It would seem that former Communist Party member and current Russian President Vladmir Putin may understand more about the 4th amendment than our own president. Yesterday Putin visited Russia Today (RT) and offered some remarks about Barack Obama and the policies of the NSA surveillance program in the United States.
But Putin pointed out that “the question is how well those security agencies are controlled by the public.”
“I can tell you that, at least in Russia, you cannot just go and tap into someone’s phone conversation without a warrant issued by court,” Putin said answering the question of RT’s Editor-in-Chief Margarita Simonyan.
“That’s more or less the way a civilized society should go about fighting terrorism with modern-day technology. As long as it is exercised within the boundaries of the law that regulates intelligence activities, it’s alright. But if it’s unlawful, then it’s bad.”
Commenting on Obama’s statement that “You can’t have 100 per cent security and 100 per cent privacy,” Putin disagreed, saying it is possible if done within the law.
Earlier on Tuesday, Putin’s press-secretary Dmitry Peskov told to a newspaper that Russia could consider the possibility of granting political asylum to 29-year-old Edward Snowden, if such a request is made. The ex-CIA worker is behind one of the biggest leaks of our time as he disclosed the existence of PRISM, the National Security Agency’s (NSA) massive data-mining surveillance program, to The Guardian last week.
In regard to the possibility of asylum for Edward Snowden, The Guardian reports:
Russia has offered to consider an asylum request from the US whistleblower Edward Snowden, in the Kremlin’s latest move to woo critics of the west.
Snowden fled the United States before leaking the details of a top-secret US surveillance programme to the Guardian this month. He is currently believed to be in Hong Kong, but has reportedly changed hotels to keep his location secret.
Fearing US retaliation, Snowden said at the weekend that “my predisposition is to seek asylum in a country with shared values“, citing Iceland as an example. He defended his decision to flee to Hong Kong by citing its relative freedom compared with mainland China.
Snowden is not known to have made any asylum requests, including to Russia. Yet speaking to the Russian newspaper Kommersant, Dmitry Peskov, Vladimir Putin’s spokesman, said: “If such an appeal is given, it will be considered. We’ll act according to facts.”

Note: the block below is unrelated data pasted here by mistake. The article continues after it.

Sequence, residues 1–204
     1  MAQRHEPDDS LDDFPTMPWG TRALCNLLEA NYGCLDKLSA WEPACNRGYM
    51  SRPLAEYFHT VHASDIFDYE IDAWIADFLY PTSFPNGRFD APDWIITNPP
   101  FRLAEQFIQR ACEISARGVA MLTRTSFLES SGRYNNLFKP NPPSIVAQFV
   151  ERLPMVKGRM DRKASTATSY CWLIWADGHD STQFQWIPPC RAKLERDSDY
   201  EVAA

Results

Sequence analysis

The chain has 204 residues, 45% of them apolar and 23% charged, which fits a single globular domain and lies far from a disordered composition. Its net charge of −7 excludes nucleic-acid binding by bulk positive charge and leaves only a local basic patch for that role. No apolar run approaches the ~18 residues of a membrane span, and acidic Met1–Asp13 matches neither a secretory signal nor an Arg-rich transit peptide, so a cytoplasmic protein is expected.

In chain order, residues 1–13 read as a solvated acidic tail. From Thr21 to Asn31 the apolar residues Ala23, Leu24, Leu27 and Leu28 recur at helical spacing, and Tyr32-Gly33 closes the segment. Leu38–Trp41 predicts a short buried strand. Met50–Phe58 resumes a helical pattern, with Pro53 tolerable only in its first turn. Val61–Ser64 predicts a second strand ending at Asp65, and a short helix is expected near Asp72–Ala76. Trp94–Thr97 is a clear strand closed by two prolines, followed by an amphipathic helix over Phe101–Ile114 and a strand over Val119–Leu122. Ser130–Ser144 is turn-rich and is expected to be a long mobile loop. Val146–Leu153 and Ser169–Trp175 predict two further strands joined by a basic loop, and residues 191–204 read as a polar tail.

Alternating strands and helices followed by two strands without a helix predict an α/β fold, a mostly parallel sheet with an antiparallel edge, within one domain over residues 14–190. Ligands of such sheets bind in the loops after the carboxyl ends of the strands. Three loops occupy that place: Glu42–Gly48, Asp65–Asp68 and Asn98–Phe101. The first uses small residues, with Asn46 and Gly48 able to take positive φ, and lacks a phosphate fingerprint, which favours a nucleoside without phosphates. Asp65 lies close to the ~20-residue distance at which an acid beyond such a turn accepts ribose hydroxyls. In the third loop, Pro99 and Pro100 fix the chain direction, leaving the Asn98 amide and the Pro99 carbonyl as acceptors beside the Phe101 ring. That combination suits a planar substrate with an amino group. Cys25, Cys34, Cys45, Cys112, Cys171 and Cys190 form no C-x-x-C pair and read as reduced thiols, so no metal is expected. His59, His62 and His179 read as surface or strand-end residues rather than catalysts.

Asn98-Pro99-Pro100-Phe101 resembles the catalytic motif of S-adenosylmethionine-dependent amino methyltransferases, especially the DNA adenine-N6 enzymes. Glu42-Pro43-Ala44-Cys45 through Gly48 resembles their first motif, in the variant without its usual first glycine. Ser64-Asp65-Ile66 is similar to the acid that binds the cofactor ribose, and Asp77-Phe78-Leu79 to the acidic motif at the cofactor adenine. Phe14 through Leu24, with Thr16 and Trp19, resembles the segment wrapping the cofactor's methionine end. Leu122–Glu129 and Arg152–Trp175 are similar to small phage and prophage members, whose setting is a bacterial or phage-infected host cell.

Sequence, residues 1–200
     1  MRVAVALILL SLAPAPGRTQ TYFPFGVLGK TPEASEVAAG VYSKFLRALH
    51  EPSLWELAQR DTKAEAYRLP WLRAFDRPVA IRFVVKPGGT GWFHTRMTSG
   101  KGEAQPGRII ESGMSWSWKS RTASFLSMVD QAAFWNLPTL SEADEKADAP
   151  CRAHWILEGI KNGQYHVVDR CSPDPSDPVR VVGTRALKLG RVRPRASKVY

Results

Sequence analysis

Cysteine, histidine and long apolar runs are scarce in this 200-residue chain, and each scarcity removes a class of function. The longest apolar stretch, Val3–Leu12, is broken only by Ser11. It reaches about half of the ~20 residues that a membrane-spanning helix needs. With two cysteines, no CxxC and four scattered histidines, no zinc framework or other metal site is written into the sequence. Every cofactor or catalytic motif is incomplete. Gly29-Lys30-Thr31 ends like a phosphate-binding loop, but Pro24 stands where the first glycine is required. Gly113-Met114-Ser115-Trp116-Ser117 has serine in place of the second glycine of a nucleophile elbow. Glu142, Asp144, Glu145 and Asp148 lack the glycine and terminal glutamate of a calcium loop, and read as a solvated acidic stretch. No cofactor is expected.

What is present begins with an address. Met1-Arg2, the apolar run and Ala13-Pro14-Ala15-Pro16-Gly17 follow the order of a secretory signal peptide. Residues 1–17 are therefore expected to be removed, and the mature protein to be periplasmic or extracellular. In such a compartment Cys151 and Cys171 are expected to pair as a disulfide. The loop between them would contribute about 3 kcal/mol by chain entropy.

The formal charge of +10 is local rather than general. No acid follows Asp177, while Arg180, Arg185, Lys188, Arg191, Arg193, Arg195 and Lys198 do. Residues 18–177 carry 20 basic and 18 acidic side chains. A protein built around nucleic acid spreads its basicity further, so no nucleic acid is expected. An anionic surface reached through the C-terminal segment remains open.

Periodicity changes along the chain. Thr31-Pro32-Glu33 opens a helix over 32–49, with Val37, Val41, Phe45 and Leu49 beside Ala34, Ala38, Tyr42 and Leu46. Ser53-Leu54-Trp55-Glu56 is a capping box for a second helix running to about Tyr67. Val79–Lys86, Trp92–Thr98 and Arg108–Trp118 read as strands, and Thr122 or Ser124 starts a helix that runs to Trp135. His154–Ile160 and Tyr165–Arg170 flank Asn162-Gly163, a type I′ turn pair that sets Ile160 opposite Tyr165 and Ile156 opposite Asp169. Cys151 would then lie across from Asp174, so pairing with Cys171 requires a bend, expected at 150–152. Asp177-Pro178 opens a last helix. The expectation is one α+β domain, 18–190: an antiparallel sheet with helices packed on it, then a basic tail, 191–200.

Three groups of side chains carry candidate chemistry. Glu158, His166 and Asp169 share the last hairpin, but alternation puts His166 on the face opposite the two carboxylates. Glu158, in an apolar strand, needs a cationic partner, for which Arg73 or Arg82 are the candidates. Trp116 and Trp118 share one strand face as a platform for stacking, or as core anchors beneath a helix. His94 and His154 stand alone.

Peskov’s comments were widely carried by the Russian media, which have largely ignored Snowden’s revelations that the National Security Agency (NSA) was secretly empowered with wide-reaching authority to collect information from the US mobile provider Verizon and to snoop on emails and internet communications via a data-mining programme called Prism. Russia’s feared security services are widely believed to maintain similar powers.
Peskov’s comments on potential asylum opened the floodgates on support for Snowden. Robert Shlegel, an influential MP with the ruling United Russia party, said: “That would be a good idea.”
Alexey Pushkov, head of the Duma’s international affairs committee and a vocal US critic, said on Twitter: “By promising asylum to Snowden, Moscow has taken upon itself the protection of those persecuted for political reasons. There will be hysterics in the US. They only recognise this right for themselves.”
He continued: “Listening to telephones and tracking the internet, the US special services broke the laws of their country. In this case, Snowden, like Assange, is a human rights activist.”
We have to look at these things with a clear mind. Is Vladmir Putin correct in his remarks? I believe he is.
I also understand that value that Russia has traditionally placed on propaganda and we must understand the possible political motivation behind such remarks.
I have a sneaking suspicion that Russia may in fact offer refuge to Edward Snowden if the opportunity presents itself.
My fear is that Snowden may not live long enough to take advantage of such an offer. Ron Paul made a similar suggestion Tuesday, in an interview with Fox Business News, stating, “I’m worried somebody in our government might kill him with a cruise missile or a drone missile.”
I am not afraid of a drone strike falling on Edward Snowden as much as him disappearing and never showing up again. I don’t think our government relishes a situation for this to be a high-profile execution, but that is just my opinion.
Sometimes people disappear and never show up again. My fear is that Snowden will at some point be labeled as a fugitive and the American public will not realize that he is actually dead.
We have to remember that this is an Administration that is well-known for its coincidental deaths.